Background: Miraculin (MCL) is a taste-modifying protein that converts sourness into sweetness. The molecular mechanism underlying the taste-modifying action of MCL is unknown. Methods: Here, a yeast expression system for MCL was constructed to accelerate analysis of its structure-function relationships. The Saccharomyces cerevisiae expression system has advantages as a high-throughput analysis system, but compared to other hosts it is characterized by a relatively low level of recombinant protein expression. To alleviate this weakness, in this study we optimized the codon usage and signal-sequence as the first step. Recombinant MCL (rMCL) was expressed and purified, and the sensory taste was analyzed. Results: As a result, a 2. mg/l yield of rMCL was successfully obtained. Although sensory taste evaluation showed that rMCL was flat in taste under all the pH conditions employed, taste-modifying activity similar to that of native MCL was recovered after deglycosylation. Mutagenetic analysis revealed that the N-glycan attached to Asn42 was bulky in rMCL. Conclusions: The high-mannose-type N-glycan attached in yeast blocks the taste-modifying activity of rMCL. General significance: The bulky N-glycan attached to Asn42 may cause steric hindrance in the interaction between active residues and the sweet taste receptor hT1R2/hT1R3.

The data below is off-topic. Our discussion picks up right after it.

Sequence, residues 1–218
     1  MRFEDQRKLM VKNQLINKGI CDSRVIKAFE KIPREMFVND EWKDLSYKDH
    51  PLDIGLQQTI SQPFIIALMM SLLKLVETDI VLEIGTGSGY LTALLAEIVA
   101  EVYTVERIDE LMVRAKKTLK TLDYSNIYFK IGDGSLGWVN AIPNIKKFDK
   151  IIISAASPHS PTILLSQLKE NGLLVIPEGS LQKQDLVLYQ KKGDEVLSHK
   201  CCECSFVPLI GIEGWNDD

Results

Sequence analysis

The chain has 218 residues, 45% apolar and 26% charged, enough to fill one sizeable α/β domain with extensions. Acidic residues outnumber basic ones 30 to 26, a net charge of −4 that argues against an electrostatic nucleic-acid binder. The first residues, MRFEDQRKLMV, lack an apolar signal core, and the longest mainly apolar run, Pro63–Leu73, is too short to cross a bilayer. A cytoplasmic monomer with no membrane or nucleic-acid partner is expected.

All Science Journal Classification (ASJC) codes
- Molecular Biology